Review by Win Wiacek
Moreso than any other late 1950s comic creation, Adam Strange exemplified the American optimism of his era. Yes, he was in part based on Flash Gordon, but here was an ordinary man transported halfway across the galaxy who not only captures the heart of the scientist’s beautiful daughter, but becomes protector of his adopted planet. His adventures are spectacular, and he overcomes varied threats armed with nothing more than a ray-gun, a jetpack and his own ingenuity. This hardcover selection presents his first 22 outings, all written by Gardner Fox, with Mike Sekowsky drawing the first handful (sample art).
‘Adventures on Other Worlds’, introduces archaeologist Strange who is hit by a stray teleport beam. He materialises on another world, filled with giant plants and monsters and is rescued by a beautiful woman named Alanna who teaches him her language.
‘Secret of the Eternal City!’ reveals Rann as a planet recovering from atomic war, and the beam was in fact a simple flare, but cosmic radiation converted it into a teleportation beam. Until the radiation drains from his body Strange will be a very willing prisoner on a fantastic new world. No sooner has Adam started acclimatising than an alien race invade. Adam’s courage and sharp wits enable him to defeat the invaders only to have the radiation fade, drawing him home. And thus was established the principles of this beguiling series. Adam would intercept a follow-up Zeta-beam hoping for some time with his alien sweetheart only to be confronted with a planet-menacing crisis. The next of these, ‘The Planet and the Pendulum’ sees him obtain the crimson spacesuit and weaponry that became his distinctive trademark.
‘Invaders from the Atom Universe’ is self-explanatory, and in ‘The Dozen Dooms of Adam Strange’ the hero must defeat the dictator of Dys who plans to invade Alanna’s city of Rannagar. ‘Challenge of the Star-Hunter’ and ‘Mystery of the Mental Menace’ are classic puzzle tales as the Earthman must outwit a shape-changing alien and an all-powerful energy-being.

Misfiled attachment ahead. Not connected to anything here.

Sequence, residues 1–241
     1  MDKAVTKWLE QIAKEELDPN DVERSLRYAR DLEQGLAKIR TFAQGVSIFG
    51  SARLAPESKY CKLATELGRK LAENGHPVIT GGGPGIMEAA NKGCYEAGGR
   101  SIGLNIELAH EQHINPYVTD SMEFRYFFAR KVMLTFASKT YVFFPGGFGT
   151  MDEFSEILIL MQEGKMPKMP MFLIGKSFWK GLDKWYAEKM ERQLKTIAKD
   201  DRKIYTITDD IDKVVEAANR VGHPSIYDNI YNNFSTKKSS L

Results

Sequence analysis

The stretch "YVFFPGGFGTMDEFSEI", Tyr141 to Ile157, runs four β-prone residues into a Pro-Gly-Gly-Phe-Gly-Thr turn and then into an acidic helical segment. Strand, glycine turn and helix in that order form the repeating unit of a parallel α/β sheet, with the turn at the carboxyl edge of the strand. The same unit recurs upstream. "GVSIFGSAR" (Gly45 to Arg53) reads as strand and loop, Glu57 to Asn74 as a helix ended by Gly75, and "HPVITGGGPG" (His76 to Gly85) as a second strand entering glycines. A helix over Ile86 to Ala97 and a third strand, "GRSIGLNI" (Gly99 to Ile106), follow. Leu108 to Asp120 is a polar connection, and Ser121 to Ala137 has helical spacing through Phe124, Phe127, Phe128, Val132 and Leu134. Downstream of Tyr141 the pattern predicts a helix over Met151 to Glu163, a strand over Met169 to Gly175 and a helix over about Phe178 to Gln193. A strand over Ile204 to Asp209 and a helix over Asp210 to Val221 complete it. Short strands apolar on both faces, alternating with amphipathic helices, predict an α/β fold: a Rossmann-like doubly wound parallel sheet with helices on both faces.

As Adam transferred into a regular series he found a new artist. Carmine Infantino applies his clean, classical line and superb design sense to create a stark, pristine, sleekly beautiful universe that’s cooly spellbinding, but deeply humanistic and genuinely thrilling in its imaginative wonders. Infantino begins an immaculate run of exotic high adventures with ‘Menace of the Robot Raiders!’ followed in glorious succession by ‘Invaders of the Underground World’ and ‘The Beast from the Runaway World!’
Infantino’s art looks even better when Murphy Anderson becomes the semi-regular inker, his precision brush and pen introducing unparalleled beauty. ‘The Menace of the Super-Atom’ and ‘Mystery of the Giant Footprints’ are sheer visual poetry. However, even ‘Chariot in the Sky’, ‘The Duel of the Two Adam Stranges’ (inked by Joe Giella) and ‘The Attack of the Tentacle World’, ‘Threat of the Tornado Tyrant’ and ‘Beast with the Sizzling Blue Eyes’ (inked by Bernard Sachs) were streets ahead of the competition in terms of thrills, spectacle and imagination.
Anderson returns for ‘The Weapon That Swallowed Men!’, ‘The Radio-active Menace!’ and, ending this volume, ‘The Mechanical Masters of Rann’, all superb short story marvels that appealed to their young readers’ every sense – especially that burgeoning sense of wonder. More follow in Volume 2.
The deluxe Archive format makes a fitting home for these extraordinary exploits that are still some of the best written and drawn science fiction comics ever produced. They’re also found in Adam Strange: The Silver Age Omnibus, or in black and white in Showcase Presents Adam Strange.